4. We are the storytelling animal; our stories are what make us human.I didn't know what to expect from This is Happy – I picked it up because the book was recently shortlisted for the RBC Taylor Prize for literary nonfiction – and based on the title, I expected something, erm, happy. That it is not. In what is quite a short narrative, author Camilla Gibb describes a miserable and chaotic childhood, her mental illness and suicide attempts as a graduate student at Oxford, a string of tumultuous [...]

    5. The title of this book should have a question mark because most of the time the author was miserable. At one point she says that she could take the happy out of any situation and I'm thinking - no kidding!After the first chapter I felt like you do when you are trapped by a stranger who is telling you their life story with all the intimate details you really don't want to know. She is so immersed in her emotional landscape that we don't learn enough about the external one. It would have made for [...]

    6. "This is boring" is, unfortunately, what I thought much of the time while reading this book. Even though it is first person, there's more telling than showing in the writing and it feels detached. Strange, because it is quite personal and raw and tragic, but even when the verb tense shifts from past to present it didn't feel any more real to me. Perhaps I'm not broken enough to relate to the experiences in this book. Perhaps someone who has had their own struggles with mental health and loneline [...]

    7. After hearing an interview with Camilla Gibb on CBC, I wanted to read This Is Happy. I knew a little of what was ahead of me. Her birth family would be broken. She would sink into despair and consider suicide. The safe, secure family she formed with the woman she married would suddenly dissolve, leaving her pregnant and alone.What drew me to pick up the book and read enough of it to be hooked was something she said in the interview: " much of [happy] is about our embeddedness within a community [...]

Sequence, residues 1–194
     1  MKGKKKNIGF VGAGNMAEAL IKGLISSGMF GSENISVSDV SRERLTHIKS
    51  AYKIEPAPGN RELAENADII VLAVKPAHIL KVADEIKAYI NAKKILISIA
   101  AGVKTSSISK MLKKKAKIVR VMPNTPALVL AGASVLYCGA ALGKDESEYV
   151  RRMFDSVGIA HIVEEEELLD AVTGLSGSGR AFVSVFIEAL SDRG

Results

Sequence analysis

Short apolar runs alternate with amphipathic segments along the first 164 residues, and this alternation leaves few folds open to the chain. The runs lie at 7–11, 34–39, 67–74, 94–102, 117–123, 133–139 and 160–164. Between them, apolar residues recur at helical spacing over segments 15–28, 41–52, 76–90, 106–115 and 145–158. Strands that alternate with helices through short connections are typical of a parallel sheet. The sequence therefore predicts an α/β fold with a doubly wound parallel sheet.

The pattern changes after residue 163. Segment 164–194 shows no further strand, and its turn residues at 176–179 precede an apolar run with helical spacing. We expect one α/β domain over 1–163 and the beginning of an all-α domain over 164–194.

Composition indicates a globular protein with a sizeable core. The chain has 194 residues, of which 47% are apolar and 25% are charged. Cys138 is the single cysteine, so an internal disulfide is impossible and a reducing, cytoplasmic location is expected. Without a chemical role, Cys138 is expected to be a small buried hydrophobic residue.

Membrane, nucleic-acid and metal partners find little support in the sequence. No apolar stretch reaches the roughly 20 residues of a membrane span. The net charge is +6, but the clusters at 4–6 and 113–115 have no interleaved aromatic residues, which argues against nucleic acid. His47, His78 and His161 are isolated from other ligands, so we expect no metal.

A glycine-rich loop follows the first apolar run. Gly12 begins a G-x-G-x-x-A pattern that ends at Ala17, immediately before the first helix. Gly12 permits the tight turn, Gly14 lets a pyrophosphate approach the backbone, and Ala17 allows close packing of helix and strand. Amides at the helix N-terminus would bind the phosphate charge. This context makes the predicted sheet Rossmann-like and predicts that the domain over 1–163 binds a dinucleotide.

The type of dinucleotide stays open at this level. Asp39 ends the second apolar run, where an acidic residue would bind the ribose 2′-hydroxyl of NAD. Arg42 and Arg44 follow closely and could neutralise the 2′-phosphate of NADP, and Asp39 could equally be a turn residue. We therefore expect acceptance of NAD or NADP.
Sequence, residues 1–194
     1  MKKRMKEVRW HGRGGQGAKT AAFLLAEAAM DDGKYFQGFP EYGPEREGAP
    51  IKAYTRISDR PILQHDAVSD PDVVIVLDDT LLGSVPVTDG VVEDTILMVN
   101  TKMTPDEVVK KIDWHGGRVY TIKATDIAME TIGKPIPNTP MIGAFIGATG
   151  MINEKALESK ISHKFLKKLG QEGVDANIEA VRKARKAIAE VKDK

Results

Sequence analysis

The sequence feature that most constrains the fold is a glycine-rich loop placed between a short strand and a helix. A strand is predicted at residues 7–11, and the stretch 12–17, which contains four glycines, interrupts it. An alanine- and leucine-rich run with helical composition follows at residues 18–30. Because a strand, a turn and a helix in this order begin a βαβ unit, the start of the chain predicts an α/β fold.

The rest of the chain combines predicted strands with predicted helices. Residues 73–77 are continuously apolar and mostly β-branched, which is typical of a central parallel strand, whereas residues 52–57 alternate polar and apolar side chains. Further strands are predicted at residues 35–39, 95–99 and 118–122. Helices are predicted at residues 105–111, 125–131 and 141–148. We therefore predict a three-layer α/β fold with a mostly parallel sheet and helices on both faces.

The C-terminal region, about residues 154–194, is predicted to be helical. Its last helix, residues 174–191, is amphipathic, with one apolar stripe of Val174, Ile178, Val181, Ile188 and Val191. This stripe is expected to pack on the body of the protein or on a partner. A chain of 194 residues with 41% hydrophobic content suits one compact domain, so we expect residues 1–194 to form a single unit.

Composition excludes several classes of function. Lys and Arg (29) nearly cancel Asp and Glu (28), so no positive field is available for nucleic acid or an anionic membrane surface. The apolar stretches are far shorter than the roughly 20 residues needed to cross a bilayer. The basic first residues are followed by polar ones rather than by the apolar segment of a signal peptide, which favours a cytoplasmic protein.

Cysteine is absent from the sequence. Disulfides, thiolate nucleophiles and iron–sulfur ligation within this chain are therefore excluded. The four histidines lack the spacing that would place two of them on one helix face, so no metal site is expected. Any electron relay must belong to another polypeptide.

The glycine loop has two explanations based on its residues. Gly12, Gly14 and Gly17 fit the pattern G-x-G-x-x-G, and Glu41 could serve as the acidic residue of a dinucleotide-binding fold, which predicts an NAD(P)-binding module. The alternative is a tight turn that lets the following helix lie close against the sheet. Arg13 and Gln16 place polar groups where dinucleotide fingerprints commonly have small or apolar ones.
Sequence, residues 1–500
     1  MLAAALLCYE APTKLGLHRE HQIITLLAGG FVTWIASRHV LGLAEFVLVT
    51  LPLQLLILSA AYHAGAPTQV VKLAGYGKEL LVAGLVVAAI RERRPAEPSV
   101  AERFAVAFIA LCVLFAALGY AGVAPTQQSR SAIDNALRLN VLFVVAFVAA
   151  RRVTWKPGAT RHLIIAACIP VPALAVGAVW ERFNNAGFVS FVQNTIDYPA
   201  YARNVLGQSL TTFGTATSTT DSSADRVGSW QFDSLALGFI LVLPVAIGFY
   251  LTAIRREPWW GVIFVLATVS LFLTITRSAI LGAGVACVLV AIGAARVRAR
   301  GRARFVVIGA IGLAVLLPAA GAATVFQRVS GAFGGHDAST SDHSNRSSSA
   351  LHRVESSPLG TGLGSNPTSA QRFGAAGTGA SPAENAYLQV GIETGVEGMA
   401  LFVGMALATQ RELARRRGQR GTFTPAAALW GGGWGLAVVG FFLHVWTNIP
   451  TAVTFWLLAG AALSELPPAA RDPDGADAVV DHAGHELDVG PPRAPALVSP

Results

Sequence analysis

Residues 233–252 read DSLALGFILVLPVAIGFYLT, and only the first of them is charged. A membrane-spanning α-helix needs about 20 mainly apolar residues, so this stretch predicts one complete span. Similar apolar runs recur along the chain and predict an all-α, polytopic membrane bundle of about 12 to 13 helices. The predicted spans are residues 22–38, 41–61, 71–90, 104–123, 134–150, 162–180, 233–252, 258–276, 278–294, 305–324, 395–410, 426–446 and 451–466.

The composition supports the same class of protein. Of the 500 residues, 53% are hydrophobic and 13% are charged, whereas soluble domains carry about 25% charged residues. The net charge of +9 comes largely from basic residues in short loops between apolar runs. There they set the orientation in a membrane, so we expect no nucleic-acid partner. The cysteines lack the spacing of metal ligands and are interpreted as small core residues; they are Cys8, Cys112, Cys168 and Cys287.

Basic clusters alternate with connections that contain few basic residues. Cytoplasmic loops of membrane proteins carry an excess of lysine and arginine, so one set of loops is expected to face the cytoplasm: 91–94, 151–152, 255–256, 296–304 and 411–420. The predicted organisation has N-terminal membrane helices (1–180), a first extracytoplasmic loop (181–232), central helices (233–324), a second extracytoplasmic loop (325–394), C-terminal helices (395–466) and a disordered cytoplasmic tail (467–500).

8. I loved The Beauty of Humanity Movement. Just thinking about it makes me feel peaceful. This book isn't peaceful. It is often very sad as Camilla Gibb remembers her troubled childhood and tumultuous young adulthood. She gets pregnant at age 41 and her wife of four years leaves her soon afterwards. The latter part of the book is a rumination on the grief she felt when her marriage ended as she was struggling with her pregnancy, home renovations and building a new life. The author had struggled wi [...]

    9. also going through depression, was able to relate to some of the feelings the protagonist goes through. It was a relief to be able to see what depression makes people go through in the quite accurate wording of the author.Makes me realize that happiness is only happiness when you believe it is, and that anything can be part of your happiness if you believe it to be so.

    10. This is a beautiful and engaging memoir - one I would like to start over and read all over again right away. It's honest, and completing and heartfelt. Her story is her own and yet she tells a story that is truly about all of us - out need to feel whole and belong.

    11. I burned through this in one sitting while I should have been writing a paper for my comprehensive exams. It defies its somewhat treacly title - this isn't really a sweet book at all, though it is a cautiously redemptive one. I'm getting a bit more familiar with the memoir/personal narrative genre lately, with reading Vivian Gornick's "Fierce Attachments," Joan Didion's essays, and Cheryl Strayed and Robyn Davidson's books. Camilla Gibb's latest book is a very fine example of the genre. The task [...]

    12. This book was incredible. Incredible, being an understatement. I have never read anything by Camilla Gibb before and it really was by chance that I picked this book up. To put it simply, I judged a book by its cover. This cover was aesthetically pleasing and the title also stuck out. I did not even read a summary or description before I delved right in.If you are going into the book with the expectation of it being a light, 'happy' read as the title suggests, you will be surprised (as I was). Th [...]

    13. "Being able to put your experiences into a narrative gives meaning to the life you have lived. It can allow you to make sense of the things that have seemed the most senseless and cruel by providing some context—even if that context is nothing more than: It didn’t kill me. I am alive to tell this tale. I am here, where I was once there. There is a story, possibly a universal one, of the passage between there and here."These words from Camilla Gibb's "This is Happy " form the premise of a mem [...]